Music in the American Wild

Emlyn Johnson: In the Fall of 2014, my now fiancé, Dan Ketter, and I went for a hike in Letchworth State Park. It was a really beautiful day in the Fall
and we just started talking about how great it would be to play in such a beautiful place. I found out that National Park Service is having it’s centennial in 2016. That seemed like just enough time to start some kind of crazy project. Daniel Ketter: It was really inspiring, sort
of like a camping trip on steroids because we have so much gear but I’d say it’s definitely been worth it. Emlyn Johnson: We are so use to playing concert halls that are set up acoustically for our instruments to project, here in the wild and the outdoors of course it’s very different. Daniel Pesca: The outdoors have meant a lot to me through out my life but it’s never something that I’ve addressed so directly in my music and this was a chance to really sort of mediate upon my experiences in nature and um, give a musical outlet and a musical expression in voice to them. Emlyn Johnson: Our very first national park of the tour was Mammoth Cave in Kentucky. The first day we played in an area called the Rotunda which is a really giant cavern that acts as a natural concert hall. We also played in two areas that have very low ceilings that we’re just unbelievably quiet. Thirty stories underground and no sound except what we’re making and the recordings sounded really beautiful from down there. Daniel Ketter: We we’re kind of an exhibit on a cave tour so these people may or may not of know that there was any music going on in the cave that day. And there was some people that got out their phones and tried to record something while they were walking by and there were other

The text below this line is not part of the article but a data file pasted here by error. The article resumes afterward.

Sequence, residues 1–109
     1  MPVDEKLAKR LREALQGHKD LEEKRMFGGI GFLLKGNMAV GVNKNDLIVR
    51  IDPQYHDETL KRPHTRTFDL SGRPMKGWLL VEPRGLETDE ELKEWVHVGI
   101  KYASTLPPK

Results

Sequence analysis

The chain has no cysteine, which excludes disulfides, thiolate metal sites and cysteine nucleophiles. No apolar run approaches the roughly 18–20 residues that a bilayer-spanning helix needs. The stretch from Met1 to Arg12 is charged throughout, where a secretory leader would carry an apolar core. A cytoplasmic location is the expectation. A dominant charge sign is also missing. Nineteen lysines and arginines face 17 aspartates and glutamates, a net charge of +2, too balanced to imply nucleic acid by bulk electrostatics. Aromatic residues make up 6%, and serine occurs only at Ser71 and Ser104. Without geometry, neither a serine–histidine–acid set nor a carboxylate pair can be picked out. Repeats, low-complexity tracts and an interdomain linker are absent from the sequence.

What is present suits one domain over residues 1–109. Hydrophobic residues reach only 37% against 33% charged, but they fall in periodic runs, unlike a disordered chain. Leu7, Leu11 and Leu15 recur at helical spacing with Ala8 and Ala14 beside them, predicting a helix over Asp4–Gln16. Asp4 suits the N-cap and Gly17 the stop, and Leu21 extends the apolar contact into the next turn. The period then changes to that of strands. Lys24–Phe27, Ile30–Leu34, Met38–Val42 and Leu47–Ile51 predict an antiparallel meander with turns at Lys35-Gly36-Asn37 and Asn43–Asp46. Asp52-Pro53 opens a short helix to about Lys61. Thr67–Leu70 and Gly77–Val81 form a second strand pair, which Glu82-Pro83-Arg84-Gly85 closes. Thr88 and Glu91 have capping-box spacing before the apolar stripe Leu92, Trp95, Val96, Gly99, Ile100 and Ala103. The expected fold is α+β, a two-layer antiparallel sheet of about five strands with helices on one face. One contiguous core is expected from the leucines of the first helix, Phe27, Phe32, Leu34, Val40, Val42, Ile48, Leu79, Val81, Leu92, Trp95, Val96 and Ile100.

people that stopped and listened for thirty minutes or an hour so there’s a lot of different levels of engagement with something like that. Daniel Pesca: One of the things I liked very much from being there was seeing the sort of audience that these events attract. People that might not be acquainted with classical music and then they hear about these events and they wander in and maybe they discover something very new and different then they’d seen ever before. Emlyn Johnson: We also did some recording at Purchase Knob in the Smoky Mountains and that was a great place, a whole different environment because we had this, you know, kind of three hundred sixty degree mountain view. Just something about hearing birds chirping up there, seeing dragonflies whizzing by, that just adds a lot of character to the music, I think. Daniel Ketter: What’s amazing is that I go sit and I listen to the recording that we made and I get goose bumps all most every time I listen because I feel like I’m back there again. Daniel Pesca: It helped me think about audience in a very different sort of way. It’s a wonderful project in which a composer has an opportunity to address many different kinds of communities. Emlyn Johnson: These parks are not only there to be conserved and protected in terms of the land but there also there to inspire and there’s just so many creative opportunities for us as artists and listeners.

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